June 24th at the Supreme Court
Affirmative Action Struck Down...Sort of, Not Really
Today, the Supreme Court released five opinions the most watched of which was the Fisher case involving affirmative action. This case is the last to be decided after being heard in October, 2012. For those conservatives wishing to see a sweeping decision against affirmative action in college admissions, there is disappointment. To briefly summarize, this case rested on the 2003 Grutter decision out of Michigan when the Court ruled that race could be one of many factors to be considered in order to create a diverse student body. In simple terms, Fisher’s lawyers, the young lady that challenged the policy at the University of Texas, did not directly challenge Grutter- that is, ask the Court to overrule their previous decision- the Court, in an opinion authored by Justice Kennedy, basically left Grutter intact. What this means is that the Court still holds to the proposition that considering race in college applications is an acceptable practice in order to create that diverse student body. In other words, the Court sort of believes that college admissions discrimination still exists to a certain degree and that “affirmative action” guidelines may still be the best method, at this point, to address that issue.
What this decision does, because Grutter was not directly challenged, is send the case back to the Fifth Circuit Court of Appeals on remand. The decision was not even close at 7-1 which indicates that there was some hand-wringing on this one to get it narrow. In a way, the Court wimped out. Ginsburg was the lone dissenter believing that the University of Texas policy passed constitutional muster. In effect, this is a compromise decision. Only Justice Thomas stated he would overturn the Grutter decision. Scalia, Alito, and Roberts all signed onto Kennedy’s decision. However, one would likely believe that Alito and Roberts are following the lead of Scalia who stated that he would likely have voted to overrule Grutter but because the plaintiff’s did not challenge that decision, he went with the majority decision. On the other side, Sotomayor and Breyer also likely joined the decision considering that this was the best they can do to preserve affirmative action in college admissions. In short, they were unwilling to join Ginsburg in her dissent.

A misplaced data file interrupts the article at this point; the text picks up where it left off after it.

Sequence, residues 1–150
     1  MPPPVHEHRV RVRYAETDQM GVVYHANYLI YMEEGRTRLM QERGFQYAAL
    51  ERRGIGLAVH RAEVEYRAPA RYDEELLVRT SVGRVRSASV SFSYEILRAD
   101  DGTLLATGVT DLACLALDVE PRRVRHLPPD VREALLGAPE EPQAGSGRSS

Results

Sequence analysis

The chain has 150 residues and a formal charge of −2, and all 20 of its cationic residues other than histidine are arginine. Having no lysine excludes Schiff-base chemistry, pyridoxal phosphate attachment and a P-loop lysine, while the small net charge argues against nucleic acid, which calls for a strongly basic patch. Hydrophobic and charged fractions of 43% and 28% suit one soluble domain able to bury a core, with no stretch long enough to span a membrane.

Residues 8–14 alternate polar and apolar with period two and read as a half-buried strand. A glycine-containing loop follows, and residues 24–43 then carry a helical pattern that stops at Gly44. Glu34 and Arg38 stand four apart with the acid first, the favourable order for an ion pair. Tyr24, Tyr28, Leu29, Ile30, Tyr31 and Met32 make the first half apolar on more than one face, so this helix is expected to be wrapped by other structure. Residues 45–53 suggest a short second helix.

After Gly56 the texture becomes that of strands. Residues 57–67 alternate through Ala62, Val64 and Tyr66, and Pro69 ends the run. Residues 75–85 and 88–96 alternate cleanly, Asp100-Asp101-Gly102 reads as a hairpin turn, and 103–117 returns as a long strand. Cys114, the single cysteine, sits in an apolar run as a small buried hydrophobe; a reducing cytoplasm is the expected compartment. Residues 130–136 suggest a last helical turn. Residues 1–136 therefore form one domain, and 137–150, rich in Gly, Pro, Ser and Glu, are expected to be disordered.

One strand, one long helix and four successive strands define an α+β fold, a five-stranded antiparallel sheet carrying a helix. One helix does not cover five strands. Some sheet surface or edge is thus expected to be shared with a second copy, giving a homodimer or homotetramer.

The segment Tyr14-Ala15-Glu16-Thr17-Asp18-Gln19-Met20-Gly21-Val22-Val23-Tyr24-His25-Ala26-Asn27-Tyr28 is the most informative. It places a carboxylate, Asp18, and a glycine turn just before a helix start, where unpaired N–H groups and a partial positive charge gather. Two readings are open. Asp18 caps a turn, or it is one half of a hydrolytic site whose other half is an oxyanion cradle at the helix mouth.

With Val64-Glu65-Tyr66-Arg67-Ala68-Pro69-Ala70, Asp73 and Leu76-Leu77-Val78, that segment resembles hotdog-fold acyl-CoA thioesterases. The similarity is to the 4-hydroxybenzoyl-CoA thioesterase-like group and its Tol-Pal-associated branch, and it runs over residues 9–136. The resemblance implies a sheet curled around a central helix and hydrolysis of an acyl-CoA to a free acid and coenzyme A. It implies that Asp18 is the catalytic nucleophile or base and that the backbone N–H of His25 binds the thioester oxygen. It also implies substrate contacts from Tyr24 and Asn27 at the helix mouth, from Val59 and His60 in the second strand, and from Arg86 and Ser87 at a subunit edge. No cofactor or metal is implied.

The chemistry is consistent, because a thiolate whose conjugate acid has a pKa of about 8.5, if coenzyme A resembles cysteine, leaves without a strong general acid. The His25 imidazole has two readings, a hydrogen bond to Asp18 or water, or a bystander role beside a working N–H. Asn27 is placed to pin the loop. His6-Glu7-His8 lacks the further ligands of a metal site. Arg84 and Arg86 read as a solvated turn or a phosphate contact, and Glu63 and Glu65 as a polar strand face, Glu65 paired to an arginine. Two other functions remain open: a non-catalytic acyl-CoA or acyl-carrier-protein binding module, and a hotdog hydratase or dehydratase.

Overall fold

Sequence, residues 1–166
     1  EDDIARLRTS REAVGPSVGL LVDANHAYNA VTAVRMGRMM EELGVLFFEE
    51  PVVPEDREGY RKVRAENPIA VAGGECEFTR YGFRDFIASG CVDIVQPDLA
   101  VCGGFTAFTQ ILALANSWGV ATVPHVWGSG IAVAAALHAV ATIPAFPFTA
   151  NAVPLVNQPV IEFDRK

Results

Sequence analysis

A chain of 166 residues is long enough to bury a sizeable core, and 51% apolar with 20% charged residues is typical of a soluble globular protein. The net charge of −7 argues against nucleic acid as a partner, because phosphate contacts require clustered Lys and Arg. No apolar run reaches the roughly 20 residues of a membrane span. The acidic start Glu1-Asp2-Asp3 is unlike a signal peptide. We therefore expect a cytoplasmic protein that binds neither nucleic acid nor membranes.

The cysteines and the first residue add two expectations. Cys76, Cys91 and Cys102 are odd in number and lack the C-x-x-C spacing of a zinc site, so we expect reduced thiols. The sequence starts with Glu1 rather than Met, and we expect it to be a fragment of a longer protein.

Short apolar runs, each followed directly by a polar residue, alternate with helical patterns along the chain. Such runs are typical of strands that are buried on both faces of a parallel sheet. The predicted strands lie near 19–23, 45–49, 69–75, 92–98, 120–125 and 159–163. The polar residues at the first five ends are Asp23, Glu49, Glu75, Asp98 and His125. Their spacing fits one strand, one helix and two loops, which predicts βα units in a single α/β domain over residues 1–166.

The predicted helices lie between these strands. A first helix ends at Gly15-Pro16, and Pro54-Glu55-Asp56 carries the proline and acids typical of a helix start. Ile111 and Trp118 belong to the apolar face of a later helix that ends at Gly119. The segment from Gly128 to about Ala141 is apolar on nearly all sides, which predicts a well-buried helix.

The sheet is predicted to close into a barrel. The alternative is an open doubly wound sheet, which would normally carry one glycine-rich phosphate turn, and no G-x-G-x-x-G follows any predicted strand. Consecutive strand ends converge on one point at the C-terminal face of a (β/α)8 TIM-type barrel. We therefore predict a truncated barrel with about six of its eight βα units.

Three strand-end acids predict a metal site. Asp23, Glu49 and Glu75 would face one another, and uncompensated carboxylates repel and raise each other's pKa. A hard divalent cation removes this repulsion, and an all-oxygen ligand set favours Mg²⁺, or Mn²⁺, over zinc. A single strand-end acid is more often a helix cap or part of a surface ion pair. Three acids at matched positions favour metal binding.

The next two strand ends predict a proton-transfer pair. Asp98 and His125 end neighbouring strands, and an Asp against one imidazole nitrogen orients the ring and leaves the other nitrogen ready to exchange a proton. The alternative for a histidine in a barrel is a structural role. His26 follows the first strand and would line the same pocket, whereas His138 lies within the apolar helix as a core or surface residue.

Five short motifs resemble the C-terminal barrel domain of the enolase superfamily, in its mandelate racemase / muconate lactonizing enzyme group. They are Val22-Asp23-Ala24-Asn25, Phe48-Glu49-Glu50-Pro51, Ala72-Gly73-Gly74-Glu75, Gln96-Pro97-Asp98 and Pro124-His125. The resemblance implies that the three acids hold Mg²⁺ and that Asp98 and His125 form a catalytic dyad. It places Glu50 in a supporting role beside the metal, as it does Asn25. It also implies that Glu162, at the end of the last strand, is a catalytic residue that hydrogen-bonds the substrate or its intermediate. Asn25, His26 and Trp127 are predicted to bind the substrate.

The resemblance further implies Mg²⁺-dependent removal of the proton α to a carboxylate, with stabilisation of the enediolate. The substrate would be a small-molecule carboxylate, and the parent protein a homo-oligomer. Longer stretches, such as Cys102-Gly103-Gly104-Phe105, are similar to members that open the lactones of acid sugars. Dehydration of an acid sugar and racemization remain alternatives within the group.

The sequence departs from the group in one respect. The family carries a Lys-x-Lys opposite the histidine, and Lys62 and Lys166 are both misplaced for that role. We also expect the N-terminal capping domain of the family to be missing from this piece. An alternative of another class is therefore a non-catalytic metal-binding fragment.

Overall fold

From oral arguments, the main thrust was the concept of “critical mass.” Specifically, the Court wanted to determine when a college believes they have achieved a diverse enough student body so that the affirmative action programs can be scaled backed or discontinued. Roberts in particular was skeptical of an open-ended system and struggled to determine what criteria a college uses. Do they simply go by the ethnicity boxes checked off on the front of an application? Do they micromanage down to the classroom level to determine the minority population in certain classes? In short, he seemed skeptical of the University of Texas’ criteria.
Another important consideration in this case is another case which they will take up next term in October, 2013. That case, out of Michigan and in response to Grutter, asks whether a state through legislation, referendum or constitutional amendment can ban the use of affirmative action in college admissions. That case would likely be a better vehicle to overturn Grutter. So perhaps, the affirmative action battle is left for a later day.
Now because Grutter was not challenged and still stands, that decision is controlling here. One important element of that case was that strict scrutiny be applied in the analysis of the policy since it was, at the end of the day, race-based. This decision remanded the case back to the Fifth Circuit basically holding that court in error. The Fifth Circuit affirmed the decision of the District Court where the case was first argued to grant summary judgment in favor of the University of Texas. The Supreme Court basically ruled that the Fifth Circuit erred because they failed to apply strict scrutiny in their analysis of the case, as did the lower District Court.
The practical effect is that Fisher will get her day in District Court and the case is not “closed.” The key quote from the opinion is thus: “The reviewing court must ultimately be satisfied that no workable race-neutral alternatives would produce the educational benefits of diversity.” If Fisher and her lawyers wish to pursue this case, they would have to prove there are alternatives and the University would have to prove the opposite. Simply, there is enough wiggle room on either side to make their case. Equally important, however, is the consensus in the majority opinion that racial and ethnic diversity in a student body are compelling interests in the context of education. Whether that philosophy was reaffirmed because of some heartfelt belief or because Grutter was not directly challenged is left open to discussion. Most likely, it is a combination of the two with the liberals on the heartfelt side and the conservatives on the Grutter non-challenge loophole side.
After reading this decision in more detail as well as the other four (Obama’s EEOC was dealt a blow today), I will follow up with another article.